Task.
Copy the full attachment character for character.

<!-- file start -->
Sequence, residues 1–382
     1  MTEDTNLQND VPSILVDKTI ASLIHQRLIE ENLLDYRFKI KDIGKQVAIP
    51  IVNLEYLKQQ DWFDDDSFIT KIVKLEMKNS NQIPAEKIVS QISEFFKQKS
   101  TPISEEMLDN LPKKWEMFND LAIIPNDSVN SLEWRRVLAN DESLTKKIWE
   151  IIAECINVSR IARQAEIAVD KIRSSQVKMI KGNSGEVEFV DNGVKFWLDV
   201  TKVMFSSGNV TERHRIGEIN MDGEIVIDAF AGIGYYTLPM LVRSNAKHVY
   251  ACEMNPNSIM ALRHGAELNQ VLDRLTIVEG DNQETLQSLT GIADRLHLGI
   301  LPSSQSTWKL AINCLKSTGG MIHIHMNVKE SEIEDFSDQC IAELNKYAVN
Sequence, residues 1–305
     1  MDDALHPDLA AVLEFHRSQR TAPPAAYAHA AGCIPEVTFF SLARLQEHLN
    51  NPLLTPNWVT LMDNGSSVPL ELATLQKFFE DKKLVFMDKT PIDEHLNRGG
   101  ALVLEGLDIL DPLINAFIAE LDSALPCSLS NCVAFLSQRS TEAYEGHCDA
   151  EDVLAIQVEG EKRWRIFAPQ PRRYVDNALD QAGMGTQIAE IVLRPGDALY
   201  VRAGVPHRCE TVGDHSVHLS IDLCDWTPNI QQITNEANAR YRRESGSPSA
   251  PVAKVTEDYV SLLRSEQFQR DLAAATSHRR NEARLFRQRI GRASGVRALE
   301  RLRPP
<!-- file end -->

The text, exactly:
Sequence, residues 1–382
     1  MTEDTNLQND VPSILVDKTI ASLIHQRLIE ENLLDYRFKI KDIGKQVAIP
    51  IVNLEYLKQQ DWFDDDSFIT KIVKLEMKNS NQIPAEKIVS QISEFFKQKS
   101  TPISEEMLDN LPKKWEMFND LAIIPNDSVN SLEWRRVLAN DESLTKKIWE
   151  IIAECINVSR IARQAEIAVD KIRSSQVKMI KGNSGEVEFV DNGVKFWLDV
   201  TKVMFSSGNV TERHRIGEIN MDGEIVIDAF AGIGYYTLPM LVRSNAKHVY
   251  ACEMNPNSIM ALRHGAELNQ VLDRLTIVEG DNQETLQSLT GIADRLHLGI
   301  LPSSQSTWKL AINCLKSTGG MIHIHMNVKE SEIEDFSDQC IAELNKYAVN
Sequence, residues 1–305
     1  MDDALHPDLA AVLEFHRSQR TAPPAAYAHA AGCIPEVTFF SLARLQEHLN
    51  NPLLTPNWVT LMDNGSSVPL ELATLQKFFE DKKLVFMDKT PIDEHLNRGG
   101  ALVLEGLDIL DPLINAFIAE LDSALPCSLS NCVAFLSQRS TEAYEGHCDA
   151  EDVLAIQVEG EKRWRIFAPQ PRRYVDNALD QAGMGTQIAE IVLRPGDALY
   201  VRAGVPHRCE TVGDHSVHLS IDLCDWTPNI QQITNEANAR YRRESGSPSA
   251  PVAKVTEDYV SLLRSEQFQR DLAAATSHRR NEARLFRQRI GRASGVRALE
   301  RLRPP